Thursday, 30 June 2011

The parliament paintings - bottle dresses

It's been a very productive day for me as work on the dancers painting stepped up a notch. I realised today that it takes me about an hour to get into happy painting mode, even if I just sit and look at the painting for most of that. Today's session started off with some work on the highlights around the top half of the figures, with white and cadmium yellow. I also restated some dark areas with cobalt blue and made some marks on the faces to establish expression. The first dancer seems a bit constipated at the moment...not quite what I am going for!

The main thrust of this session however was to work on the bottle skirts. To do this I first created the shadows with the cobalt blue, then mixing burnt sienna with varying degrees of cadmium yellow and white I applied wet-on-wet paint carefully to define the bottles (using my reference material as a guide). It's quite rough work and each brush stroke is loosely painted (the focus here is to keep things free and loose), then a new colour is overlapped or painted adjacent. I absolutely love to paint this way, mixing colours straight on the canvas with thick, juicy, undiluted paint. Once all the main details were added I took white straight from the tube and added the lightest highlights plus the cement between the bottles (still working wet-on-wet). Et voila! Completed skirts! The last dancer will have green bottles so these will be done in another session.

Tuesday, 28 June 2011

Reworking an old painting

When I arrived in the UK last week I took out a painting I started last year and never finished. It's the kind of painting I used to do very often - a medieval romantic depiction of loneliness and longing. It suddenly felt like I should work on it, so I grabbed the paints and got started. When I last worked on this, the image was very flat and there was no colour balance overall, so I adjusted this by mixing up my now favourite shadow purple (cadmium red and cobalt blue) and liberally applied to all the dark areas on the painting. I also added some red to the water to suggest the fabric of the dress showing through the waves and made some minor changes to the rest of the painting. It's almost complete now except for her skin and face which needs some definition, and her hair which needs to be finished.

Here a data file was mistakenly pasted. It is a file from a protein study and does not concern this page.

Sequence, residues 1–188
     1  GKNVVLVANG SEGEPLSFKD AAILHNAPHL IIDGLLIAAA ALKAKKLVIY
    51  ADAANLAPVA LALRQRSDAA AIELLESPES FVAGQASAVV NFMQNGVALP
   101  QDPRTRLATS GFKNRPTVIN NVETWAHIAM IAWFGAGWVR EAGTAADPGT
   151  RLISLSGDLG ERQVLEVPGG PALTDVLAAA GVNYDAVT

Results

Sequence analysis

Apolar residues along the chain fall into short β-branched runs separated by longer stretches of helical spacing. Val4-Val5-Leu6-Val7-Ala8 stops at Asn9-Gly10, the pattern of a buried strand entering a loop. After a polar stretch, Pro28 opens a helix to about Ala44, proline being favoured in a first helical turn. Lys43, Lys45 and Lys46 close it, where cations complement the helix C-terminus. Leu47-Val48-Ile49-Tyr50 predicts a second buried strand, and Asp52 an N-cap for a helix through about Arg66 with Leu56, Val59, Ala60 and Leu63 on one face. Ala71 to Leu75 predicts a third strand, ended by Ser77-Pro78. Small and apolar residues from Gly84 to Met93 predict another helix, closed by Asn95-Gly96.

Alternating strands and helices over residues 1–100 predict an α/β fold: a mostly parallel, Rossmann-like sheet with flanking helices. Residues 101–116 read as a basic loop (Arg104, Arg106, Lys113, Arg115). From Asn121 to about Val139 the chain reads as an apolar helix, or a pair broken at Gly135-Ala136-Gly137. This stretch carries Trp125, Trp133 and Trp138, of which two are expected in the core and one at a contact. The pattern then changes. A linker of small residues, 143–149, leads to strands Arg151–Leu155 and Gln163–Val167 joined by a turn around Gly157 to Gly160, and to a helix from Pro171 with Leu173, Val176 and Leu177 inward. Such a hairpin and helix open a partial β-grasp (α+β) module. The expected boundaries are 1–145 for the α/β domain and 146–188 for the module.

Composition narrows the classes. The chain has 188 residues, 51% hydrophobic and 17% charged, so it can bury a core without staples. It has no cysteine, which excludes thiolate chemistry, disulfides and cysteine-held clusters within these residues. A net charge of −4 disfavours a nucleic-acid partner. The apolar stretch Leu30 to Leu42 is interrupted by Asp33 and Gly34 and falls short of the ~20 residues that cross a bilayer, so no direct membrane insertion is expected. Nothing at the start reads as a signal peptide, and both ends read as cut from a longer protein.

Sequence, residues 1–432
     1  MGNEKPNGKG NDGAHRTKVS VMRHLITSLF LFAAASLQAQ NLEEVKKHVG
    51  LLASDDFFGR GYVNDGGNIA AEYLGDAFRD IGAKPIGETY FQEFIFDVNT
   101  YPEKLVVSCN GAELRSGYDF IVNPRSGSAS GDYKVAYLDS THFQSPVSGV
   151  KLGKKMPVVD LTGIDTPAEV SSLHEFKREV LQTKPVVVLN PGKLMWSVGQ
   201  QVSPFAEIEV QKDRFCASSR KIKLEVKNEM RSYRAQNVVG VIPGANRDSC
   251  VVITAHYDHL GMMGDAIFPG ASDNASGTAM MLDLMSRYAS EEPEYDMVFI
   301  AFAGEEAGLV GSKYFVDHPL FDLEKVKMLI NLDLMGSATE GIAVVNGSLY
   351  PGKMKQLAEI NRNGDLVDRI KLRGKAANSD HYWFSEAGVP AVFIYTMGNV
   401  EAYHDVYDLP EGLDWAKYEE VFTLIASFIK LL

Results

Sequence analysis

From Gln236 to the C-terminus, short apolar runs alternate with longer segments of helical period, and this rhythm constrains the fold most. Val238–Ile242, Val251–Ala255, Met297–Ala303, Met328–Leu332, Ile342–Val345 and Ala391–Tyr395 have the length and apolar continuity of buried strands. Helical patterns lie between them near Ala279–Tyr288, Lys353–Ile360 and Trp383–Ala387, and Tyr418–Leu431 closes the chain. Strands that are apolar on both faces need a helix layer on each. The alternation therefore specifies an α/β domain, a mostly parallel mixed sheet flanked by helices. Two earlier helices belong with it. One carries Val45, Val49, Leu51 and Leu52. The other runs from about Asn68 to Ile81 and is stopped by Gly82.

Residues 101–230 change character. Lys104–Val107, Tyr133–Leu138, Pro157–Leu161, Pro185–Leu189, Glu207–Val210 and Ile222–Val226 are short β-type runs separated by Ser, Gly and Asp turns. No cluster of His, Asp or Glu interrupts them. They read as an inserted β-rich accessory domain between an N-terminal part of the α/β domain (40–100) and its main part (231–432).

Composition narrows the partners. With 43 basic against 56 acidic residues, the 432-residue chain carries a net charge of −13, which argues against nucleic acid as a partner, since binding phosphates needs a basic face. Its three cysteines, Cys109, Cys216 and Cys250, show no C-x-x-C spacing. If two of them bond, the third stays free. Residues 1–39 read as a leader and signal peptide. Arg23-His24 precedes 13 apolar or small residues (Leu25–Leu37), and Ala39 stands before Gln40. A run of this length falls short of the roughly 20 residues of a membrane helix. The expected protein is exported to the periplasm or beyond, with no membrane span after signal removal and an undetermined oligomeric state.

The parliament paintings - adding midtones and highlights

I must admit that I haven't been painting as much as I would like recently as life has been getting in the way. Every day I feel the urge to's constantly in the back of my head and I have this feeling of 'if only I could nip out to the studio and paint a bit' - unfortunately that's not always possible and hasn't been for a few days. But today I managed to make some time and made the 30 second trek to my studio in the garden to set up my kit for a session. It's been raining today as well, so on top of the blissful joy of painting I had the lovely treat of doing it in a warm, dry studio while the beautiful sound of rain hitting the wooden roof kept me company.

I started on the dancers and added some cadmium yellow midtones. It's a pity you can't see the radiance on this photo, but the yellow is really very yellow. The skirts of the dancers are something I'm puzzling over and am toying with the idea of painting the bottles that appear on the real statues. I thought I would leave this out but as I looked more and more at the painting I realised that there wasn't enough detail to make it interesting.

I also tried out a cool skin tone on the faces (and red eyes!) but this doesn't work very well. The problem is that I used a totally different colour palette for the skin, adding naples yellow to cadmium red and white. I will have to work over this and stick to my palette this time.

I also did some work on the water carrier painting, adding highlights to the figures and pillar supporting the bendy person. I'm finding it quite strange to work on the cerulean blue wash as it seems not to have dried properly or is too oily or something. I can't put my finger on it but it's not taking new layers of paint very well. As you can see I've had to paint over my pencil lines (the white lines in the background) as these are showing up very clearly - not good obviously!

Wednesday, 22 June 2011

The parliament paintings - shadows